Should Team India adopt the ‘five-bowler’ theory : Former Indian captain, Mahendra Singh Dhoni was a great advocate of 7+4 combination and has been going into every game with four specialist bowlers. He always insisted on having an extra batsman in the team, expecting to ’bat out’ the opposition and met with success too.
With the captaincy baton passing on to the young and vibrant Virat Kohli, a great element of so-called ‘aggression’ had rubbed on to Team India. The aggressive approach of the young skipper, saw him believing in the ’five bowler’ theory, sacrificing a batsman to include a specialist bowler into the Playing XI, be it pace or spin, depending upon the playing conditions.
Kohli met with sufficient success in his 6+5 approach and lately he won a ‘five-match series, 4-0 against England at home.
After following a similar Playing XI combination for the First Test in the ongoing Border-Gavaskar Trophy, Team India reverted back to the 7+4 combination.
The team has met with mixed results, with the first Test being won by Australia, the second one by India and the third ending in a draw.
This approach of ‘four-bowler’ theory seemed to hurt the team to some extent, as the skipper had to rely on the part-time bowlers like Karun Nair in Bengaluru and Murali Vijay at Ranchi.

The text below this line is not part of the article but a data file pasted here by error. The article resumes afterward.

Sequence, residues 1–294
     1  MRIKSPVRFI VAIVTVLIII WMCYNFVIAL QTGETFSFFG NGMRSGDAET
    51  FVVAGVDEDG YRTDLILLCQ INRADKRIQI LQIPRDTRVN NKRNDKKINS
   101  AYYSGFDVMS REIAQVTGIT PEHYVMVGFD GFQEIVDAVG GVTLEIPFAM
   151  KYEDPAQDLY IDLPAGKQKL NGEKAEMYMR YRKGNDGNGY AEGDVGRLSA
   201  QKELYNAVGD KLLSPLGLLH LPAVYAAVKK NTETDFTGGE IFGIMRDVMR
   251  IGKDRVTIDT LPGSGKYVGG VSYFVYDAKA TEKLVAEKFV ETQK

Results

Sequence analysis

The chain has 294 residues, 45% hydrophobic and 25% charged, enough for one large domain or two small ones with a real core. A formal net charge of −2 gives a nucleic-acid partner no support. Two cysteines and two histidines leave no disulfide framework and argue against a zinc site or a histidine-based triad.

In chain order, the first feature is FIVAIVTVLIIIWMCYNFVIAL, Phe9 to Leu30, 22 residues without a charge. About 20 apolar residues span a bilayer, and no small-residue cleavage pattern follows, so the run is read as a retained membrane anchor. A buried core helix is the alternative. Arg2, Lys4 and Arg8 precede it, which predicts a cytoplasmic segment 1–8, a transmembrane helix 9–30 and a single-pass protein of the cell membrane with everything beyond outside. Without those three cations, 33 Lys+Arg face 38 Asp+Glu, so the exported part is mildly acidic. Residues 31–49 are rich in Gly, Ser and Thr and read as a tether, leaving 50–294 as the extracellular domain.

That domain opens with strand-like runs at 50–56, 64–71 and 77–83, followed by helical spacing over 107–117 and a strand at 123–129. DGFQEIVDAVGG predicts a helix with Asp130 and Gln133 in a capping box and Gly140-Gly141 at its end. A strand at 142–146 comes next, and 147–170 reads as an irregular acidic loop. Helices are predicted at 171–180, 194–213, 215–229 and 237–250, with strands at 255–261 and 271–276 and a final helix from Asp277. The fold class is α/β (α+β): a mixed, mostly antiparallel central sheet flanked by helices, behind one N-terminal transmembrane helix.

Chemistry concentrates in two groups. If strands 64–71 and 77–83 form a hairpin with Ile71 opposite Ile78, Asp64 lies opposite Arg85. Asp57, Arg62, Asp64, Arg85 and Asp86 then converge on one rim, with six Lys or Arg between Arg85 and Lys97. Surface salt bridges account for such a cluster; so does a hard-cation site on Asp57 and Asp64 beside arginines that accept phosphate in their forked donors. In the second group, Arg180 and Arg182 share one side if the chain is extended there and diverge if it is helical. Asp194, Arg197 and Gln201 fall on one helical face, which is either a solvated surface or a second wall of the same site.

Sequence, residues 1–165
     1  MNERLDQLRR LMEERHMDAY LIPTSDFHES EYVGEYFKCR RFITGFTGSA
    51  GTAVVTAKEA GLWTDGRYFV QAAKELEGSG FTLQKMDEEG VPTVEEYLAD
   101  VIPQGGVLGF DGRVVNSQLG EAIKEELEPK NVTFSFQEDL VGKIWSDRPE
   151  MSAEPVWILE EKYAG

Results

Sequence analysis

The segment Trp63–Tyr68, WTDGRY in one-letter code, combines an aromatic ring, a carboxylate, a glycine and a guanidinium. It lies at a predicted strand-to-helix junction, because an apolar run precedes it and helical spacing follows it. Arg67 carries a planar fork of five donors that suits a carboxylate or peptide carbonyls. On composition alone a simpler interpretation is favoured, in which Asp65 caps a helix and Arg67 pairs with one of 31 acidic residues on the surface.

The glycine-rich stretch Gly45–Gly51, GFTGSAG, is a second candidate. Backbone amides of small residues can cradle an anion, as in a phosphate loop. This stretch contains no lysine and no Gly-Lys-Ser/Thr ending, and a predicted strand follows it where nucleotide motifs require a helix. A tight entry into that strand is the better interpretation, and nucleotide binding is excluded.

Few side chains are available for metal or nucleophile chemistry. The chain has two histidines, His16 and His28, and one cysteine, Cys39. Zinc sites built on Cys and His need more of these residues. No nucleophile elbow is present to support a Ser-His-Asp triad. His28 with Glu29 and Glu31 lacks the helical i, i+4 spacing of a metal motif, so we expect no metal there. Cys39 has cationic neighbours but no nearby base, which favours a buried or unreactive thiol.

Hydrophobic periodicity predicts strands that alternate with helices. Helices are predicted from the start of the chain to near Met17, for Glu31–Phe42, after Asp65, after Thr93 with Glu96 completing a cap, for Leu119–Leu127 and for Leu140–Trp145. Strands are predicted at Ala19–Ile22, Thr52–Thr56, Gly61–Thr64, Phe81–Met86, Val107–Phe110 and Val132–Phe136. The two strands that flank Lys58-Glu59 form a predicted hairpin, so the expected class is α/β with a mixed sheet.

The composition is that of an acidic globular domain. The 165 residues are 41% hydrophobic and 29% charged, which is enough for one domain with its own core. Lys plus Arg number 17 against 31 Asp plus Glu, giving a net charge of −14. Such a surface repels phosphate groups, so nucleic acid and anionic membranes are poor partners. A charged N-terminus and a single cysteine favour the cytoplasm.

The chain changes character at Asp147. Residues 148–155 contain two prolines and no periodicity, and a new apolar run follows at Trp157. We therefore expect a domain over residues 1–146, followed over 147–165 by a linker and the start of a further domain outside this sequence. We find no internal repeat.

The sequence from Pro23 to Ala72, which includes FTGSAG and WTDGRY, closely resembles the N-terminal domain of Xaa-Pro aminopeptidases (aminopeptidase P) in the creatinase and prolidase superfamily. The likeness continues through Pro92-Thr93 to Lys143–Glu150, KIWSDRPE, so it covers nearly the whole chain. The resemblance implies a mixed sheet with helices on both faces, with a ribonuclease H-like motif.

Atleast in the third Test at Ranchi, as the visitors were adopting the technique of ‘playing out’ the overs and ensuring a DRAW for a result, a fifth specialist bowler might have inflicted damage on them and could have ensured an Indian victory.
Maybe the ‘think-tank’ of the team could look into the possibility of adopting 6+5 combination for the final Test at Dharmashala.
Historically the venue has been favouring the pacers, given the climate and the location of the venue.
In such a situation, if Team India decides to have an extra specialist bowler in the Playing XI, they would want to include a pacer, sacrificing a batsman in the process and that batsman could be the young Karun Nair, who has not made any significant contribution in the series, thus far.
There are two pacers who can make the cut.
Mohammad Shami made a return to competitive cricket after a long injury lay-off, when he represented Bengal in the title clash of Vijay Hazare Trophy early this week. Though his presence in the Playing XI did not ‘turn the table’ in favour of Bengal, his personal performance was ‘par excellence’ as he went to take 4 wickets in his spell of 10 overs.
The other pacer who has been travelling with the team without having much to do in the middle, thus far in the series, is Bhuvaneshwar Kumar.
Shami, though is with the squad, he was not officially selected. As such whether Team India could include him in the Playing XI is something which only time will tell.
All said and done, the team management might have to fall back on the ‘five-bowler’ combination as the team needs to win the Test in order to win the series and reclaim the trophy.